Surveying or land surveying is the technique, profession, and science of accurately determining the terrestrial or three-dimensional position of points and the distances and angles between them. These points are usually on the surface of the Earth, and they are often used to establish land maps and boundaries.

An alternative definition, per the American Congress on Surveying and Mapping (ACSM), is the science and art of making all essential measurements to determine the relative position of points or physical and cultural details above, on, or beneath the surface of the Earth, and to depict them in a usable form, or to establish the position of points or details

Surveying has been an essential element in the development of the human environment since the beginning of recorded history (about 5,000 years ago). It is required in the planning and execution of nearly every form of construction. Its most familiar modern uses are in the fields of transport, building and construction, communications, mapping, and the definition of legal boundaries for land ownership.

Surveying is the measurement, analysis and presentation of land-based geospatial information, that is, information about the size, shape, nature and location of aspects of our physical environment.

Types of Survey:-

Surveying can be used in a very wide range of interesting areas including engineering and topographical (city and town) surveying; cadastral surveying (the definition of property boundaries); mining and hydrographic surveying (depth of water, nature of sea beds, location of currents etc.); land development and Geographic Information Systems (GIS).

The main disciplines

  • Cadastral Surveying.
  • Engineering Surveying.
  • Geodetic Surveying.
  • Geographic Information Systems.
  • Hydrographic Surveying.
  • Mining Surveying.
  • Photogrammetry./li>
  • Remote Sensing.
  • GPS Survey
  • Camera Drive Survey

Types of Surveying

There is a great deal of overlap with the different types of surveying. However in general terms they can be describes as follows. View the videos to the right for more information about each area.


Surveyors involved in land development are usually registered surveyors as legislated by the Surveying Act 2002. The Board of Surveying and Spatial Information is responsible for the registration process. Registered surveyors are often referred to as cadastral surveyors because of their involvement in maintaining the cadastre by the locating and marking of property boundaries. Registration requires a demonstration of competence in engineering, planning and all laws relating to the subdivision of land.


This type of surveying relates to mapping rivers, oceans and waterways in general. Hydrography plays an important role in preparation of navigational information for shipping as well as exploration of marine resources.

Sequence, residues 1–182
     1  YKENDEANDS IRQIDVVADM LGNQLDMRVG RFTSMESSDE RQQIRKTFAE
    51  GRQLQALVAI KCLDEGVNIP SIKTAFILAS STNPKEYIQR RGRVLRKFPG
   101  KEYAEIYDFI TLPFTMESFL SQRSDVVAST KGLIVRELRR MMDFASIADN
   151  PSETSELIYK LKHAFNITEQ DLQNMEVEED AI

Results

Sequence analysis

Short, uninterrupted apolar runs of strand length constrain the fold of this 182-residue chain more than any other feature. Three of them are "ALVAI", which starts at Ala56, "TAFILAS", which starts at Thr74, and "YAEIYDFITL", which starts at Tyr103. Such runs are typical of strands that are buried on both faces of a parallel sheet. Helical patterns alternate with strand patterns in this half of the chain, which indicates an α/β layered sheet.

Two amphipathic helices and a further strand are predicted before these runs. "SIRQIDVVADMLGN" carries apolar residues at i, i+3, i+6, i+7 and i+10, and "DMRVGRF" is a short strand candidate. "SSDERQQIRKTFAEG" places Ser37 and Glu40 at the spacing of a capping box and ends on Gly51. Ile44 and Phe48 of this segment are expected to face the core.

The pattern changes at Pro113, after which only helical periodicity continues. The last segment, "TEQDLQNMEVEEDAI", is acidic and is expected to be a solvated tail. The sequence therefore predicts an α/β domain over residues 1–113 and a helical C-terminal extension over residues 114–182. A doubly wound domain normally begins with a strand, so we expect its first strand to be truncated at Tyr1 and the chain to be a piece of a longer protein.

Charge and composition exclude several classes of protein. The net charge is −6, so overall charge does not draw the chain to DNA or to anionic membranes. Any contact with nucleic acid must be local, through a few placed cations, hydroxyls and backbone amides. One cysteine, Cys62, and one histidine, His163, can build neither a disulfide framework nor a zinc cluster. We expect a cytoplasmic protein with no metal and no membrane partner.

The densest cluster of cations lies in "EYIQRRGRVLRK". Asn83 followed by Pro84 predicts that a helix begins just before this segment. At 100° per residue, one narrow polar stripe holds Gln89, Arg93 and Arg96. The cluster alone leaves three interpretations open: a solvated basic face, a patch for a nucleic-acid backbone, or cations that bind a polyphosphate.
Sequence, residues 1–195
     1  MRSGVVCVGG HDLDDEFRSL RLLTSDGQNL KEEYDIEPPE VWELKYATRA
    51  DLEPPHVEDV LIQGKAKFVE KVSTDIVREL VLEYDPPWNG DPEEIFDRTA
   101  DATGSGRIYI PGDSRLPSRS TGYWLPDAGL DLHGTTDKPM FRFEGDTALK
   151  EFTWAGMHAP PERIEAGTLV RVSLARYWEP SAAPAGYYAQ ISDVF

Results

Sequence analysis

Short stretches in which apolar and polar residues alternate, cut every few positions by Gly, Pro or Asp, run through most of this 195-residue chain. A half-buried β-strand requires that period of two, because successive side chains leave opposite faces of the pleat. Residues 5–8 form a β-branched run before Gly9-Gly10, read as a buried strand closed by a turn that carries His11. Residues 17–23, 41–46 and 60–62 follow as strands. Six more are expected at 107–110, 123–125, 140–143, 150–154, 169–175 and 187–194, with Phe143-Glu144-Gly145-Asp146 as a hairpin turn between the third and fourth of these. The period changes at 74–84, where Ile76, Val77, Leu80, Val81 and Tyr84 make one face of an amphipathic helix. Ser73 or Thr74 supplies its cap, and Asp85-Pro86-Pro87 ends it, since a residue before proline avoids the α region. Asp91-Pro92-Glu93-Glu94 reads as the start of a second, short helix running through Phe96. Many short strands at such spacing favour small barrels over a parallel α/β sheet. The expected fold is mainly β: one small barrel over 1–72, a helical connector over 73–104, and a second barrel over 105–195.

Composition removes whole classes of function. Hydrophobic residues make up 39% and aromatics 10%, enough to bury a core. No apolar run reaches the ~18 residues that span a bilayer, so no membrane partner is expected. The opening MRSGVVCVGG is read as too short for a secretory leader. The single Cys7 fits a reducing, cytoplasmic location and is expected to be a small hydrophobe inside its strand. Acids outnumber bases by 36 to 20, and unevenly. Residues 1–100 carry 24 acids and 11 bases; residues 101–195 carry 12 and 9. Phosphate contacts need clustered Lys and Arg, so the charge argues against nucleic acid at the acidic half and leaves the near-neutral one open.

Engineering surveyors are involved in the setting out of construction projects that can be of enormous scale such as high rise buildings, roads, bridges, transmission lines etc. They can also be involved in the subsequent monitoring of the completed structure to ensure safety is maintained.


The making of Maps (Cartography) has become as high-tech as any other industry with images taken by aircraft and satellites. The Cartographer then uses these images combined with other information about the area to construct the maps.

Environmental Planning

Surveyors are involved in research projects such as global warming, monitoring of existing environments such as whale movements in the waters off the north coast of New South Wales and providing environmental impact statements for new developments.

GPS Satellite Surveying & Satellite Imagery

Surveyors use Global Positioning Systems (GPS) in all kinds of surveying. Satellite imagery is also being used to monitor movements on the earth’s surface – earth quake zones, potential mud slides or even troops on the move in a war zone.

Geographic Information Systems

Geographic Information Systems are simply layers of spatially interrelated maps. The layers may include information about roads, underground services, types of trees, location of retail outlets or population distribution for example. A GIS specialist links the layers so that they can be used to analyse, plan and make changes that meet the needs of the community or the environment.


Mining surveyors use the same skills as those involved in land or engineering surveys but are required to undertake additional training to manage underground work. Mining surveyors, like land surveyors are required to be registered by BOSSI.

Why is Surveying important?

We depend on surveying to ensure order in the physical world around us. Surveyors play an integral role in land development, from the planning and design of land subdivisions through to the final construction of roads, utilities and landscaping.

Surveyors are among good company, working closely with their peers in the fields of engineering, architecture, geology and planning. Their role underpins these industries; Surveyors are the first people on any construction site, measuring and mapping the land. These primary measurements are then used by architects to understand and make the most of the unique landscape when designing and engineers to plan structures accurately and safely; ensuring buildings not only fit with the landscape but are able to be constructed.